Incredible Crespi

Gabriella Crespi, the subject of “The New Bronze Age” show at Milan’s Rita Fancsaly, is seen here in 1970 among Kaleidoscope lights from her Unicum collection (photo by Oliviero Toscani). Top: A detail of Crespi’s Ellisse table shows her signature metallic finish.

Bronze discs that open up like clamshells for storage and fold back in to become side tables. Sleek cubes barely suspended off the ground that transform into full-size dining tables. Clean-lined boxes that contain multi-level shelving. Looking at the work of Italian designer Gabriella Crespi, born in 1922 and still producing furniture in her Milan studio, it’s hard to believe that many of these highly functional pieces — a modernist Rubik’s cube of materials, color and ergonomics — were created almost 50 years ago.

“New Bronze Age,” an exhibit at Milan’s Rita Fancsaly Gallery running from April 14 to May 14 and coinciding with Salone Internazionale del Mobile, the city’s famous furniture fair, puts the spotlight on four of Crespi’s most iconic pieces (with nine limited-edition reissues of each on offer), including her bronze Ellisse table, 1976, and her Yang-Yin bronze-and-lacquer bar, 1979. These pieces encapsulate a designer who had a strong dualism in her vision, mixing humble and precious materials, for instance, or creating geometric shapes that were softened by sensual surfaces. “For me,” explains gallery owner and curator, Rita Fanscaly, “her pieces transcend furniture; they are sculptures.”

Crespi began studying architecture in 1944 at the Politecnico, in Milan, where she was among just a handful of women, and became profoundly influenced by the work of Le Corbusier and Frank Lloyd Wright. After getting married and having children, she launched her own collections, from jewelry to furniture, and soon gained a loyal following, with design houses such as Maison Dior snapping pieces up for their own lines.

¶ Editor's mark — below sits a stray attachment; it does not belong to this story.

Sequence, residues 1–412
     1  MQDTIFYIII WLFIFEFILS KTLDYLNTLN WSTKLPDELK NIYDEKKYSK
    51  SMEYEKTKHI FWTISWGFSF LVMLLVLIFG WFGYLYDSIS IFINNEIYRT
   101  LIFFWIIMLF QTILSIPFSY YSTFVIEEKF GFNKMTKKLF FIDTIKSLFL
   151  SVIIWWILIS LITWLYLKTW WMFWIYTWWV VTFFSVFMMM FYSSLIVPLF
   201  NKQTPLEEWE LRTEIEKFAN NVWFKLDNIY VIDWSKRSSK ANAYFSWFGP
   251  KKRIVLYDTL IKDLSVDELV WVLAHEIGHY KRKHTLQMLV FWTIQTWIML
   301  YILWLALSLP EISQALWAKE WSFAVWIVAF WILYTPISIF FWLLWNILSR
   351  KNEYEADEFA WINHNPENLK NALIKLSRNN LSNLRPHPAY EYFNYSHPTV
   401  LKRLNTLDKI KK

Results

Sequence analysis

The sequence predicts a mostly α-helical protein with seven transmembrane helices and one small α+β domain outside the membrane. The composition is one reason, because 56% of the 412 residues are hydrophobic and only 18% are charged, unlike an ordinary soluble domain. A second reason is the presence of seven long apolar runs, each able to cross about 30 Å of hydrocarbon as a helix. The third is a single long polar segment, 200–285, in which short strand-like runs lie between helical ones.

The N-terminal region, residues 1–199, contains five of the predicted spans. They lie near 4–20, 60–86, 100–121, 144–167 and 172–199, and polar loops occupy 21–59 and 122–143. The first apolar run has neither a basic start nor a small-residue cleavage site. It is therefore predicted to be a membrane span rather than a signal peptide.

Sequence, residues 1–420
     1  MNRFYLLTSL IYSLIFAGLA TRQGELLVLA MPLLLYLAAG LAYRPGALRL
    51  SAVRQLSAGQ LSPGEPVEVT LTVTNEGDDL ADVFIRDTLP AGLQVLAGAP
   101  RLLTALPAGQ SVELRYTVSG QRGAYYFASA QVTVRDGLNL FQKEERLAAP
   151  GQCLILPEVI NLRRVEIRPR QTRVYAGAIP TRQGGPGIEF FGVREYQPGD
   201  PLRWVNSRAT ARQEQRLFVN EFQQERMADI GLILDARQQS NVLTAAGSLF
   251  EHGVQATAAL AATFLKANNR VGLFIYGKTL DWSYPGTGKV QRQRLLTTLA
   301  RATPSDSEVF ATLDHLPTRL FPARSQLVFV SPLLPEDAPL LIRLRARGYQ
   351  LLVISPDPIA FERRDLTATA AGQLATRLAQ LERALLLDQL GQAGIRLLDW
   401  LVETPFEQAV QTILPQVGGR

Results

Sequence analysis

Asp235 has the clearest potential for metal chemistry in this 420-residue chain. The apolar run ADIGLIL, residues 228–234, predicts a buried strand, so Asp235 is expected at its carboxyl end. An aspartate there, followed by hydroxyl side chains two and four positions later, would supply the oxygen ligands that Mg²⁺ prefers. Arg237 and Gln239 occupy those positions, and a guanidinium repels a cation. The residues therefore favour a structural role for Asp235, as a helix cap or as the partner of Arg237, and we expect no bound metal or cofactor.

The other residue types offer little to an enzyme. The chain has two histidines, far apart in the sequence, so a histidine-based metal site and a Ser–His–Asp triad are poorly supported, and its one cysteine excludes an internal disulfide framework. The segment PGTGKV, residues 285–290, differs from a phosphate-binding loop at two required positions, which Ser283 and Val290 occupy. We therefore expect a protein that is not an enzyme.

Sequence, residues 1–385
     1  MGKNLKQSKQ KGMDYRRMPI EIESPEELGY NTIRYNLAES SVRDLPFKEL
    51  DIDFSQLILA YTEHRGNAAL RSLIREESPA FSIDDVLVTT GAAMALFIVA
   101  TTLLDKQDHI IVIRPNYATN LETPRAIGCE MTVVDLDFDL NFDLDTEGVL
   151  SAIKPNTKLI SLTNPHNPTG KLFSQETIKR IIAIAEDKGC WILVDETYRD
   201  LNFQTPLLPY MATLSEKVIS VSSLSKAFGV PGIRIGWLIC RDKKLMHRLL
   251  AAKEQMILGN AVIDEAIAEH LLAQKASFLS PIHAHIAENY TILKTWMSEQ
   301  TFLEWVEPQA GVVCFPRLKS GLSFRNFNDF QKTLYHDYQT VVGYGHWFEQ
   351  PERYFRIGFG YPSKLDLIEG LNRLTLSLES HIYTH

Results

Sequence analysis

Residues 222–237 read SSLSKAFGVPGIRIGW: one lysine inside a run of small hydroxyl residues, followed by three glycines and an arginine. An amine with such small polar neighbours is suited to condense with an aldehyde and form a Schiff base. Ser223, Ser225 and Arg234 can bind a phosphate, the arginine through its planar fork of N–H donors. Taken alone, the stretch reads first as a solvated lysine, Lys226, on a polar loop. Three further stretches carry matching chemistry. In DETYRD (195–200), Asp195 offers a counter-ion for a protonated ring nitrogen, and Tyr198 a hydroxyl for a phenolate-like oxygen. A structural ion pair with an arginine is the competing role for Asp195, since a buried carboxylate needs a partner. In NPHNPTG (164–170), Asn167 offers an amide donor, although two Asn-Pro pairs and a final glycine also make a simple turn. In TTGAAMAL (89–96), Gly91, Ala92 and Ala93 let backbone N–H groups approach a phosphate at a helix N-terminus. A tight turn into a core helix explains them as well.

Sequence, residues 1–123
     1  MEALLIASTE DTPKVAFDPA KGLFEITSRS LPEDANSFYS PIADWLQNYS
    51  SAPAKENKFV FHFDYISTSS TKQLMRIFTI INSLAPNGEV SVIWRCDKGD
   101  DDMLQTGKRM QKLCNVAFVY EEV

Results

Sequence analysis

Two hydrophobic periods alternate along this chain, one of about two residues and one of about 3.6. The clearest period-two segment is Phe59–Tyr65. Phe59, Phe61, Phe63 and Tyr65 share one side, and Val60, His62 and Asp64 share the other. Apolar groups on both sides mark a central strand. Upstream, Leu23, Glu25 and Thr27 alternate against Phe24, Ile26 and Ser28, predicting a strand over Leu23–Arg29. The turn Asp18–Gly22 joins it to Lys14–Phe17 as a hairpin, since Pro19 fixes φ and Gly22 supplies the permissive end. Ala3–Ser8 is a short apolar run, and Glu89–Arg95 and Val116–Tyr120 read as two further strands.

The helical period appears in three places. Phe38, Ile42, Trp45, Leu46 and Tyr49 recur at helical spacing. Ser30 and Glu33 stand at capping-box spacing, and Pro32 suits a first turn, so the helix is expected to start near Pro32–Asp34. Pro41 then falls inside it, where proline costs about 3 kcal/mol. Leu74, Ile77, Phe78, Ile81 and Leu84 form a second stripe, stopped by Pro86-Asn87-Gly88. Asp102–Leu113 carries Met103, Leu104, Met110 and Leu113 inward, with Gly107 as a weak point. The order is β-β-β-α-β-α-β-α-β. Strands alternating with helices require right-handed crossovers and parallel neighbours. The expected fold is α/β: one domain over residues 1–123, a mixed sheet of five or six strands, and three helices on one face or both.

Two trays slide out of the Ellisse coffee table, 1976, to extend its size and use.

Most of the pieces in the exhibition, including the Dama table, 1970, come from Crespi’s Plurimi collection, which she started in the late 1960s.

“Her pieces transcend furniture; they are sculptures,” says gallerist Rita Fancsaly of the Italian designer, seen here in the late 60s with her Obelisk lamps, which are also featured in the show. Photo courtesy of Gabriella Crespi

With its sleek lines and slick finish, the bronze-and-lacquer Yang-Yin bar, 1979, like much of Crespi’s work, seems as though it could have been designed in 2015.

One new offering that will be presented at the show is an updated version of Crespi’s renowned Puzzle table from 1973, on which she collaborated with Fancsaly’s husband, architect Franco Deboni.

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Crespi’s Z desk, first designed in 1974, will be reissued in a limited-edition of nine for the exhibition at Rita Fancsaly, which runs from April 14 to May 14.

She began work on her most iconic collection, “Plurimi,” in the late 1960s, and the series — playing on the themes of volume, light and adaptability that Crespi has explored throughout her career — flourished through the 1970s and early ’80s. Her Dama table from this series is one of the centerpieces of “New Bronze Age,” as is the Z desk, from a mid-1970s series. The piece manages to be both stylish and humorous, looking like it’s ready to leap off the floor at any moment.

Well-born and beautiful, Crespi garnered a lot of attention among the jet set. She was a muse to Valentino, and her pieces started to appear in the homes of Princess Grace of Monaco, the Shah of Iran and Greek shipping magnate George Livanos. In 1987, with her children now adults, the designer surprised everyone when, after a meeting with guru Sri Muniraj, she moved to India to study with him and live at the foot of the Himalayas. This turned into a 20-year self-imposed exile that if anything, made her pieces even more sought-after.

Today, at 93, Crespi still produces new work. Indeed, one of the standout pieces in “New Bronze Age” is Crespi’s new Puzzle table — a first-time collaboration with architect Franco Deboni (Fancsaly’s husband) — that features bronze inlaid joints alongside pieces of blue Murano glass that look like they are traced with leaves. Like so much of her work, Crespi remains full of surprises.

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